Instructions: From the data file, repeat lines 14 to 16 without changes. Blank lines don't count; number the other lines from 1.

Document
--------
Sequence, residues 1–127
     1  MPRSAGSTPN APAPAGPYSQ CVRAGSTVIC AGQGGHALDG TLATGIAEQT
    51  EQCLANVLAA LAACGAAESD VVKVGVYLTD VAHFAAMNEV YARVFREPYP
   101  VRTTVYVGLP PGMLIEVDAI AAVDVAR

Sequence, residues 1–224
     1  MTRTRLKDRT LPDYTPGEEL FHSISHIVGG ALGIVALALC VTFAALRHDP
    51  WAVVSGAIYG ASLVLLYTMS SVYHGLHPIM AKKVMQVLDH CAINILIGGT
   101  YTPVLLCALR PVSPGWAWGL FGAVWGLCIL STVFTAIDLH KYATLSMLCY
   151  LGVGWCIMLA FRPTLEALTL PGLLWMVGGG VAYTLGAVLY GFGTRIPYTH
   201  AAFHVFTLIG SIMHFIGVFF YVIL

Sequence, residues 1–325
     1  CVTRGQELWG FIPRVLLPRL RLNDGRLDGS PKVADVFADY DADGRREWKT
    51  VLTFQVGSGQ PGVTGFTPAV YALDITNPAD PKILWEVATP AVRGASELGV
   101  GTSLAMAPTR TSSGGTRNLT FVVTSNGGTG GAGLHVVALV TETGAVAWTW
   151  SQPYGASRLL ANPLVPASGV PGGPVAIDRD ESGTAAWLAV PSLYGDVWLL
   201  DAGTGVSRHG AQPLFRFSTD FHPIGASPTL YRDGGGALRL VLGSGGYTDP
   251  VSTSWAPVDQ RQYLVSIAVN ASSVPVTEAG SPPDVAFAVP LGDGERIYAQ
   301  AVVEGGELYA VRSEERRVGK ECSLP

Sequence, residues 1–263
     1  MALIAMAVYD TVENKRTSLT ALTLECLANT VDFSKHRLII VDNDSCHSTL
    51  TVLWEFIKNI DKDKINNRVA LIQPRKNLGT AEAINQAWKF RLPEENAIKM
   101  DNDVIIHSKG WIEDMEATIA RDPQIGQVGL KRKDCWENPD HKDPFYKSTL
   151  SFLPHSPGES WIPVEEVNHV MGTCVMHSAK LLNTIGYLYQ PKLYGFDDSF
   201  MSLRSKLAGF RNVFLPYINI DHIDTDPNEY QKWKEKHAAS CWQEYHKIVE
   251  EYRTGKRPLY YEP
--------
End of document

   101  GTSLAMAPTR TSSGGTRNLT FVVTSNGGTG GAGLHVVALV TETGAVAWTW
   151  SQPYGASRLL ANPLVPASGV PGGPVAIDRD ESGTAAWLAV PSLYGDVWLL
   201  DAGTGVSRHG AQPLFRFSTD FHPIGASPTL YRDGGGALRL VLGSGGYTDP